Newborn Screening Information for Families: Parental Options - Minnesota Dept. of Health

Newborn Screening Information for Families:
Parental Options

You have options in newborn screening. Please discuss the following options with your healthcare provider.

Forms for exercising parental options may also be found on our Education Materials and Forms webpage.


Refusal of newborn screening

You have the right to refuse to have your baby screened by the Minnesota Department of Health (MDH) Newborn Screening program.

Newborn screening may be life-saving. The risks of not screening your baby are serious. The conditions on the newborn screening panel can cause permanent and severe health problems or lead to death if not detected early.

If you refuse newborn screening, you must indicate your refusal in writing. Staff from the birth facility will send a copy of the refusal form to the Newborn Screening program. An original form will be kept in your child's medical chart with a copy given to you by hospital staff or your birth provider.

The refusal form documents that:

    • you were told the risks of not screening your baby, and
    • you accept legal responsibility for any consequences (death or health problems) of not screening your baby.

A refusal form should be completed even if you want to have screening done at a later time. The refusal form documents that you are refusing screening at that time, but does not mean that you can't still choose to have screening done later.

If you would like to refuse newborn screening, complete the Parental Refusal of Newborn Screening (PDF) form.


Private testing for newborn screening

If you refuse blood spot screening through MDH, you may still receive the health benefits of screening by electing to have screening performed by a private laboratory. The specific disorders screened for by private testing laboratories may vary from those screened for by MDH. Private testing kits must be ordered in advance by the parent(s), and a primary care provider must coordinate testing with the specific private laboratory.

Discuss this option with your healthcare provider for more information.


Retention and destruction practices of blood spots and test results

During the 2014 legislative session, the Minnesota legislature made changes to Minnesota's newborn screening law. As a result, retention practices regarding blood spots and blood spot test results are determined by when the blood spots were collected.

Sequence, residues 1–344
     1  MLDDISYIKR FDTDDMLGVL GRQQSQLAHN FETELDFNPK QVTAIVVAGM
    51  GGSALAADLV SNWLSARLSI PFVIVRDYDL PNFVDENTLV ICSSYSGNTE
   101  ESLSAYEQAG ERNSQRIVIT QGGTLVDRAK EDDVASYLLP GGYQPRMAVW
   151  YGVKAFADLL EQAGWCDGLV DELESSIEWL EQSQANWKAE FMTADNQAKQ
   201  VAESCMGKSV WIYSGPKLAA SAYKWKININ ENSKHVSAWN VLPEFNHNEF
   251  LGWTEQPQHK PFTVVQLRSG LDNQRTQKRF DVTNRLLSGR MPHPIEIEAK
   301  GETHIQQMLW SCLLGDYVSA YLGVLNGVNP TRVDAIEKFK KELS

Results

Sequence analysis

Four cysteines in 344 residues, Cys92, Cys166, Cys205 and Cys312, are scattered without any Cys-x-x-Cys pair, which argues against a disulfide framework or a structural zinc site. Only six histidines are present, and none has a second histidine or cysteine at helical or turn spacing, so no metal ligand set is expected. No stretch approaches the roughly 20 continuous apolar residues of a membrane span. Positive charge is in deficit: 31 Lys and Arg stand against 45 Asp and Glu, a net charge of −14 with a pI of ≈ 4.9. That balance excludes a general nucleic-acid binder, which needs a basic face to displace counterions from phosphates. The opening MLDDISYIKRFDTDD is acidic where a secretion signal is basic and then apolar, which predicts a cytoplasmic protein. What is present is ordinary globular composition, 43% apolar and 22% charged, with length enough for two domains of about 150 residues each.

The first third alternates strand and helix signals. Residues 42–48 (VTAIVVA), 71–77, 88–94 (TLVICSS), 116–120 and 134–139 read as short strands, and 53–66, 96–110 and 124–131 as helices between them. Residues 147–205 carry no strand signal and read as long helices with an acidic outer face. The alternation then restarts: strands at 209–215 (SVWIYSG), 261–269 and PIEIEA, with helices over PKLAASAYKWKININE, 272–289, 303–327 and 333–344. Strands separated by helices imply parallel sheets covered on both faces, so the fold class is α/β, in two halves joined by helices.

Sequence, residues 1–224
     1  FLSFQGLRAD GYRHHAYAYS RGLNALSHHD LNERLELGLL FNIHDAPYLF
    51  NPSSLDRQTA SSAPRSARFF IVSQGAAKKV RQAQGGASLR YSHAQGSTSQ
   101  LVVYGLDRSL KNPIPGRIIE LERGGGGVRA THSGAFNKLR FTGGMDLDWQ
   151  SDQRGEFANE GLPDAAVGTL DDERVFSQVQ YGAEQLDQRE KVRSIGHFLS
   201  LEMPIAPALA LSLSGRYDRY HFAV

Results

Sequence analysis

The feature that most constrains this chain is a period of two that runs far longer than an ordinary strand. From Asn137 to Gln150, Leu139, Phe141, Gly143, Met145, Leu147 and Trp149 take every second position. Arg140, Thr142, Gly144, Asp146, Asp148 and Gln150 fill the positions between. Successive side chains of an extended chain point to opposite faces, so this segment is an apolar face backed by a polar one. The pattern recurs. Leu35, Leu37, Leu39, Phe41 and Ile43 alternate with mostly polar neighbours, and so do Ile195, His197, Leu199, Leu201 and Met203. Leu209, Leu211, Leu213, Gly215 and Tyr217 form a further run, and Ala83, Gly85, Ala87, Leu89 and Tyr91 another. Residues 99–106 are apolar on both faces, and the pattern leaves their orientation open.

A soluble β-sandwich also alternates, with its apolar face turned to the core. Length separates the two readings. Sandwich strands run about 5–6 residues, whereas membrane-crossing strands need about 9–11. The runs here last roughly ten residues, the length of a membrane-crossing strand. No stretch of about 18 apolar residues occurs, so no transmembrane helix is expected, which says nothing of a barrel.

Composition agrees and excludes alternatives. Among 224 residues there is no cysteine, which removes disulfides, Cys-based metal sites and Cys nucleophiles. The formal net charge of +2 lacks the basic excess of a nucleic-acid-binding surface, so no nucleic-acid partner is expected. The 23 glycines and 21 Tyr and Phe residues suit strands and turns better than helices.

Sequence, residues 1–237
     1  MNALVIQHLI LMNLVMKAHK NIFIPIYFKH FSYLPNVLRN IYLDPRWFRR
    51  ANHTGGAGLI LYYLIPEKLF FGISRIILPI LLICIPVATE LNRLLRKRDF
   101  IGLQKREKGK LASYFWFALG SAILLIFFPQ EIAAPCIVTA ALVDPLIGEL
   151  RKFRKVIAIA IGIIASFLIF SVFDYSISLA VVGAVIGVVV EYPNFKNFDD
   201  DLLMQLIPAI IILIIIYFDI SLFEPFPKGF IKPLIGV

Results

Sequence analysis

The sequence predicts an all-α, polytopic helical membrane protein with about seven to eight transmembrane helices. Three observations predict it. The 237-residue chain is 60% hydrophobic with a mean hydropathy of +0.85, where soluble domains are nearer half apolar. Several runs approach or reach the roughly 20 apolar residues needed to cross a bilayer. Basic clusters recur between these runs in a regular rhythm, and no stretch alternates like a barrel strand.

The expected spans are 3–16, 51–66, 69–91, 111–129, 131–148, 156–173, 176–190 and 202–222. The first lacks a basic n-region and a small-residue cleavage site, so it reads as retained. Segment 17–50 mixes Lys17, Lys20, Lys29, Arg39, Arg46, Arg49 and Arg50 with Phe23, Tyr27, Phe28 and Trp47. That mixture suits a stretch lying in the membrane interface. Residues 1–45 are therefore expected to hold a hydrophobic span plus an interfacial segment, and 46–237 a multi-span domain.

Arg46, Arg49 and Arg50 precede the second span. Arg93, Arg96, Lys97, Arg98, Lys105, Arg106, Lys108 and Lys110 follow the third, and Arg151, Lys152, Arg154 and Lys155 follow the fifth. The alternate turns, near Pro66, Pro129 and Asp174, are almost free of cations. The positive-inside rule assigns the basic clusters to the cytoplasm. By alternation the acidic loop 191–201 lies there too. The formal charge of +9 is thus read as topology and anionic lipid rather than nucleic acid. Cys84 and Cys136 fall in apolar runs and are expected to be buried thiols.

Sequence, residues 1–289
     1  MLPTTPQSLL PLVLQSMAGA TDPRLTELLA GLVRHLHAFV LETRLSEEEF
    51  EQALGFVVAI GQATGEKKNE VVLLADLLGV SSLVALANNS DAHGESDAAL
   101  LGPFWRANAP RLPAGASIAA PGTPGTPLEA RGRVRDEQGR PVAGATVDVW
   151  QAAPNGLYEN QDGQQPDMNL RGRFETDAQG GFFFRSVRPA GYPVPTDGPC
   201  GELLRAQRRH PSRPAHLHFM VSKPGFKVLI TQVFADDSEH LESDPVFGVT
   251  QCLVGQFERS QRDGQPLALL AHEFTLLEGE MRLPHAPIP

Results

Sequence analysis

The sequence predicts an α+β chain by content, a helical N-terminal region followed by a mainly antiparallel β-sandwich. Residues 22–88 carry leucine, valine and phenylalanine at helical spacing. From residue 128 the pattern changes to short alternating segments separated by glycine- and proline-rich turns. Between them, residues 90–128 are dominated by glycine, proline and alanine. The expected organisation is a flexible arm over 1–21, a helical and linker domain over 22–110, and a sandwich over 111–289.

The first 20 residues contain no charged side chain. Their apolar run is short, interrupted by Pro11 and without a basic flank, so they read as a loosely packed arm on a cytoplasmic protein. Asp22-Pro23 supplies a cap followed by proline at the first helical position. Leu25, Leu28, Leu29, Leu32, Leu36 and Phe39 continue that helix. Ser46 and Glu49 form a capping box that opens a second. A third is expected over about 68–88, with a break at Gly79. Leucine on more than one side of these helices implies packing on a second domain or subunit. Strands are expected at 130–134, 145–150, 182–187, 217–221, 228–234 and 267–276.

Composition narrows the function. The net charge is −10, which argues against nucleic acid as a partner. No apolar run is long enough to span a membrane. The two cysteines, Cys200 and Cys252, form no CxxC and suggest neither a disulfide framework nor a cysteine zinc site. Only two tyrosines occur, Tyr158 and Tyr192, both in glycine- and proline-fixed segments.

Retention of blood spots collected on or after August 1, 2014 and their test results

As of August 1, 2014, the Newborn Screening program may store blood spots collected on or after August 1, 2014 and their test results indefinitely and may use them for program operations as defined by Minnesota Statute §144.125. Blood spots collected on or after August 1, 2014 and their test results are automatically retained by the program unless a parent or guardian directs MDH to destroy them. If you are a parent or guardian of a child screened on or after August 1, 2014, you can opt to direct MDH to destroy your child's test results and any remaining blood spots.

If you would like to destroy your child’s blood spots collected after August 1, 2014, complete the Directive to Destroy Newborn Screening Blood Spots and Test Results (PDF) form.

Destruction of blood spots collected before August 1, 2014 and their test results

MDH has destroyed blood spots collected before August 1, 2014 and the test results obtained from them unless parents provided written consent for MDH to store and use them for an extended period.

If you provided written consent for extended storage and use of blood spots collected before August 1, 2014 and the test results obtained from them, you may revoke the consent at any time and request their destruction.

If you would like to destroy your child’s blood spots collected before August 1, 2014, complete the Directive to Destroy Newborn Blood Spots and Newborn Screening Test Result (PDF) form.

Retention and destruction practices for hearing screening test results

Minnesota Statute §144.966 allows MDH to store hearing screening and rescreening test results up to 18 years from an infant's date of birth.

However, individual families may instruct MDH to discontinue storing hearing screening and rescreening test results earlier. If a parent or guardian instructs MDH to discontinue storing hearing screening and rescreening test results, MDH will destroy the test results within a month of receiving the instruction or within 25 months of receiving the last test result, whichever is later.